Bristol is on track to be the first UK city centre to ban diesel vehicles in a bid to tackle air pollution.
Marvin Rees said the plans, approved by cabinet members on Tuesday, will bring NO2 levels to legal limits in the shortest time possible.
If implemented unchanged, the measures will see all private diesel vehicles banned from an area of the city centre from 7am to 3pm, seven days a week, from March 2021.
There will also be a wider clean air zone that non-compliant buses, taxis, HGVs and LGVs will be charged to enter.
The mayor stressed the council has “a moral, ecological and legal duty to clean up the air we breathe” as he admitted there may be unintended negative consequences of fulfilling what is a “very difficult piece of work”.
Speaking at the cabinet meeting on Tuesday, Geoff Gollop, chair of the council’s overview and scrutiny board, said while the cross-party group did not want to delay the “vital policy”, they did have some significant areas of concern.
Some of these concerns include access to the Bristol Royal Infirmary and Bristol Royal Hospital for Children, which sit in the diesel ban area, the displacement effect on air quality standards on roads outside of the clean air zone, and impact on lower-income households.
Gollop also criticised the tight deadline in which scrutiny “effectively had 36 hours to absorb over 1,000 pages”.
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A representative from the SS Great Britain spoke out about the possible negative implication for one of the city’s biggest attractions, which sits within the diesel ban area and currently sees around 60 per cent of its visitors arrive by car.
Anthony Negus, a Lib Dem councillor for Cotham, said the lack of mitigation for potentially negative impact of the plans is a “major flaw” in the cabinet report.
Eleanor Combley, leader of the Green group, argued the plans are a missed opportunity to impose bold and lasting change in the city, rather than doing all that is required to meet legal requirements.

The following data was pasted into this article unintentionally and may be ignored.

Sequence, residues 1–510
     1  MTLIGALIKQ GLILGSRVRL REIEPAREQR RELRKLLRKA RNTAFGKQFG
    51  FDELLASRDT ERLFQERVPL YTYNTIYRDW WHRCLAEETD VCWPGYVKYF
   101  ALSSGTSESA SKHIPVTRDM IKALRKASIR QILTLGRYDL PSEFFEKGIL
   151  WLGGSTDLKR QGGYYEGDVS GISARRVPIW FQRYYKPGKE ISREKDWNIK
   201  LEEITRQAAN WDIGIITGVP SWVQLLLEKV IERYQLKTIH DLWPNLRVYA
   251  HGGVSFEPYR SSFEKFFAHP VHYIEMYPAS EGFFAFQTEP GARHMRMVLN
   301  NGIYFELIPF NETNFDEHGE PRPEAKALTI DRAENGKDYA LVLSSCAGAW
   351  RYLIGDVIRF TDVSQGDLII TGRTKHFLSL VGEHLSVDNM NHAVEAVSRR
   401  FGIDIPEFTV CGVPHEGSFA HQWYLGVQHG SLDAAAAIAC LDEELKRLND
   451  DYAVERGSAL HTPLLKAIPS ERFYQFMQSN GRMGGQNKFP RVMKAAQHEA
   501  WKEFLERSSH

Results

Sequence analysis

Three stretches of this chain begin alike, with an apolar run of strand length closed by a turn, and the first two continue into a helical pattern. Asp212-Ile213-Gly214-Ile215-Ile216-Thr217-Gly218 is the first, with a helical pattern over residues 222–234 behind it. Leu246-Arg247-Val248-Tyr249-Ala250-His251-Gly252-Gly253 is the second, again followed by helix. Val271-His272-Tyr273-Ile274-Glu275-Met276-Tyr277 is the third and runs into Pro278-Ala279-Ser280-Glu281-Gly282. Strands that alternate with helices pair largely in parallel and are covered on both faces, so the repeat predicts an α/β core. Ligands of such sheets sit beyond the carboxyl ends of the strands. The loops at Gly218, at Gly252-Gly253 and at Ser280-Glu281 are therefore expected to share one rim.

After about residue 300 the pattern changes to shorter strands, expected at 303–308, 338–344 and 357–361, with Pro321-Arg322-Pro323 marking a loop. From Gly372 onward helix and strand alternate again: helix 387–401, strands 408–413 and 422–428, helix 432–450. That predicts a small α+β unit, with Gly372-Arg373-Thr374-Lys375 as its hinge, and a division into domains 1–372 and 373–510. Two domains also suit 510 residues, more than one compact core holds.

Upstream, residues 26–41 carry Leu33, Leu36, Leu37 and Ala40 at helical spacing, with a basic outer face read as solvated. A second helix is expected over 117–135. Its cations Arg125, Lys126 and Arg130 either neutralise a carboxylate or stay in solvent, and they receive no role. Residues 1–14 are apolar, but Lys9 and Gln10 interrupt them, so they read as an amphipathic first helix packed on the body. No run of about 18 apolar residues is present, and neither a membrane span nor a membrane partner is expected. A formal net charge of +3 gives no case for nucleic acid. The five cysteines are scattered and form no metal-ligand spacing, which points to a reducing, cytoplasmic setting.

Speaking after the meeting, she said: “The plan is better than nothing, but there is so much more we could do which would clean up our dirty air, tackling public health, economic inclusion and climate change at the same time.”
The hybrid option being put forward would see a clean air zone, which will charge all non-compliant buses, taxis, HGVs and LGVs, but not private vehicles. Costs to taxis and private hire vehicles would be £9 per day, while coaches, buses and HGVs would be charged £100 per day.
The intention is to enforce the smaller private diesel vehicle ban area through penalty notices. The charges are yet to be decided, but council officers have worked on a model of £60 if paid within 14 days or £120 after this period.
Jude English, a Green councillor for Ashley ward, raised the question of how the council will ensure it doesn’t implement a policy whereby the rich who can afford it will just pay the fine rather than comply.
Explaining how the council arrived at its preferred option, Rees said: “We have two options, all others have been discounted because they will not bring us to compliance in time. It’s CAZ C, or CAZ D, where we charge all cars.
“We have taken care to delivery air quality in the quickest possible time, but we’ve taken care of people on lowest incomes.”
Noting the concerns raised by the scrutiny board, the mayor also called for central government to invest in improving air quality, saying he asked Michael Gove for £1.5billion for a clean air zone and scrappage costs, but was declined.
“If government are serious about rolling down responsibility to local government, they have to follow it with real money,” said Rees.
The outline business case will go to the government on Wednesday, November 6. Bristol City Council has missed three government-imposed deadlines in putting forward its plans. Rees stressed this has not affected the implementation date of March 2021.
The final plans are due to be submitted to government in February 2020. It is anticipated the proposed measures would reduce the city’s NO2 levels to within the legal limit by 2025.